Py2neo, for those of you who have maybe been around the space, Neo4j for a while has now come to end of life. So the Python Library, Py2neo, a way for Python developers to interact with Neo4j, like a driver if you will, but just building a little bit more integrated with the Python mindset and some features and functionalities that Python developers are used to or that are really nice to have. So it became end of life this year and so there was a blog post written for helping you migrate off of Py2neo onto other solutions. So the recommendation is to either go to the Python official driver or to something like Neo model, and the blog post will walk you through which one of those to use where, how to migrate off of it. But the examples are going to give you a migration path for Neo model. Enforcing data quality in Neo4j 5, new property type constraints and functions.

I've had lots of user questions over the years asking, "Well, how can I ensure data types for the data that's getting pushed into Neo4j?" And because we're schema free or schema optional if you will, or schema flexible, however you want to use that, term it, this hasn't previously been possible, but now there are new checking of data types functions that are in the new Cypher. And you can also add new constraints to restrict the data types for properties. So it'll mention a few. The blog post walks you through all of this, gives you example code and shows you where to go for more information. But it also talks about a few edge cases where the constraints and the functions may not work like you expect them to work. So a few gotchas and pitfalls to be aware of as you're using these new features.

The next one, Tomaz had actually mentioned I believe, looking at taking older solutions and modifying them and using them with LLMs now this year. And so this was a blog post analyzing annual reports using LLMs and Graph Technologies. And the author was looking at a solution they had built, a Neo4j colleague had taken this solution they built back in 2019. They'd used a lot of NLP technologies and such, but they were saying, "How can we update that and maybe improve it using the new technology of LLMs?" So what does that update solution look like? So instead of leaning heavily on those NLP APIs, the LLM can do some of or maybe a lot of that work. And so he walks through that, which I think is really cool that not only are we looking at what can you do now and in the future with LLMs, how can we improve existing solutions or older solutions and maybe make them more possible or better than what they were at a previous point in time.

So really cool article there. The Needle StarterKit, I tried saying that three times fast, the ultimate tool for accelerating your graph app projects. There's an article out there for that. The Needle StarterKit is out of the box components for developers to use when you're developing applications and interact with Neo4j. So this just gets you up and running, building applications with Neo4j. I almost think of it like a spring timely starter. It gives you the base outline for the app and then you can customize and fill in gaps and build some cool things from there, so. The last article that I came across was by Nathan, Clustering Graph Data with K-Medoids, which sounds way complex for someone who's not super into algorithms or is not super steeped in algorithms.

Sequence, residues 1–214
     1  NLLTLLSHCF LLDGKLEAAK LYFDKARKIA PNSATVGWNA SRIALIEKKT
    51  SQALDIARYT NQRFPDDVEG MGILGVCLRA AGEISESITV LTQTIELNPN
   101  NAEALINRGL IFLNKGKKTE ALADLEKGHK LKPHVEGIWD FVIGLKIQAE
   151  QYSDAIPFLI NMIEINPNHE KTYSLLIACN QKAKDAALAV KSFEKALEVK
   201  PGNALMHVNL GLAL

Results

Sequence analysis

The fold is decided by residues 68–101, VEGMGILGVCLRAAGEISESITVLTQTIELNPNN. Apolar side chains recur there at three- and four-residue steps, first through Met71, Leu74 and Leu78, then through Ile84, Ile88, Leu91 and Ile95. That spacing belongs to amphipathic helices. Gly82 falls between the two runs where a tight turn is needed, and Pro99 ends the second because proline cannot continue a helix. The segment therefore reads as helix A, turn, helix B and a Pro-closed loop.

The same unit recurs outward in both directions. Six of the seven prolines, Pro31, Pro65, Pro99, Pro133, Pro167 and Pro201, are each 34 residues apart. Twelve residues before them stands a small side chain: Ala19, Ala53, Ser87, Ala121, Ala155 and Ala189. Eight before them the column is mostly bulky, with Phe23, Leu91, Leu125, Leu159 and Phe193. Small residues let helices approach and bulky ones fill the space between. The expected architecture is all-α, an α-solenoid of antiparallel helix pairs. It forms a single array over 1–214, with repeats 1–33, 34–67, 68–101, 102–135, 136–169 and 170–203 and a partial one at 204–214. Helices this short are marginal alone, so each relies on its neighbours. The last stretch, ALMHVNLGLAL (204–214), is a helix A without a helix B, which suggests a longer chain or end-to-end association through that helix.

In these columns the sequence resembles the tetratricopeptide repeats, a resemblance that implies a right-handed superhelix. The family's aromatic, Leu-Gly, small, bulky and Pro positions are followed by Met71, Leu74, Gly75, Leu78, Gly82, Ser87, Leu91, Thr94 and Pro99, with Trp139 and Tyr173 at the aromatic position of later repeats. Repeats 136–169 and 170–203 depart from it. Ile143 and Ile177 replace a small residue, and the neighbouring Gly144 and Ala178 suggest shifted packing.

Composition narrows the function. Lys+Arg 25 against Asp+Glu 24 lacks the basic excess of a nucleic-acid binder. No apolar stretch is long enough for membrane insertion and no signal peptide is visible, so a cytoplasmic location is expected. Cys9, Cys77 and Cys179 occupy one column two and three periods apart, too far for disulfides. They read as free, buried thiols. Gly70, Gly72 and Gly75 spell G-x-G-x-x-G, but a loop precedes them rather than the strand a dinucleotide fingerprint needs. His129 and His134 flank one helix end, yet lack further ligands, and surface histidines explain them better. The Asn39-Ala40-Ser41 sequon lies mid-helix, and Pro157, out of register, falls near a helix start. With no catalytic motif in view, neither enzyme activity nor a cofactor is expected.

But the article goes through and really explains what K-Medoids is. It's an algorithm that's similar to K-means, it's an approach for finding clusters in your data. It walks through how to apply that to graph data and then visualizes and charts the results of a couple of different datasets using Amtrak train routes throughout the US and then also genetics. So a couple of different opportunities to look at it there. And of course, visualizations always make that picture so much more meaningful to me at least. So just a really good article and nice walkthrough there.

Andreas Kollegger: Cool. A lot of good stuff, Jen. A lot to read through.

Jennifer Reif: Yes.

Andreas Kollegger: I know that we've had videos. Of course, there's always [inaudible 00:54:29] videos that are available there if you happen to have missed some of NODES 2023 because there was only 300 hours worth of video if you rewatched all the tracks across all the different time zones. We're still processing all that video and chunking it up and getting it in segments. So if you go out to our NODES 2023 playlist, new videos have been added. So if you're looking for something that wasn't there previously, take a look again, they might've been added to the mix. Probably this video mentioned will get mentioned next time around as well in 2024, but we're still working on processing those videos. There's just a lot of them. And I haven't watched this one yet, but there's a video around humanitarian AI.

There's a meetup I guess around this using IATI data, which is an acronym that I'm not familiar with and I'd have to try to guess that, what that is. But humanitarian AI itself, that sounds like an interesting thing because back to where AI is powerful, you can use it for a force of good, you can use it for force of evil. This is clearly going to be, I'm going to assume a checkbox in the force of good realm, like how can we use AI for improving humanitarian outcomes, disaster recovery or whatever it might be. I think that sounds very promising. I love that.